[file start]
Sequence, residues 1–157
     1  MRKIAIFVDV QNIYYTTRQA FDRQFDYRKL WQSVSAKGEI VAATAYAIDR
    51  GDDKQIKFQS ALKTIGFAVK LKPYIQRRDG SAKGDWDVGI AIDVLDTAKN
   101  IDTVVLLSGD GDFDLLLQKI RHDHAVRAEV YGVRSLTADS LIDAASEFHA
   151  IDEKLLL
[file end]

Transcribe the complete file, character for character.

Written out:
Sequence, residues 1–157
     1  MRKIAIFVDV QNIYYTTRQA FDRQFDYRKL WQSVSAKGEI VAATAYAIDR
    51  GDDKQIKFQS ALKTIGFAVK LKPYIQRRDG SAKGDWDVGI AIDVLDTAKN
   101  IDTVVLLSGD GDFDLLLQKI RHDHAVRAEV YGVRSLTADS LIDAASEFHA
   151  IDEKLLL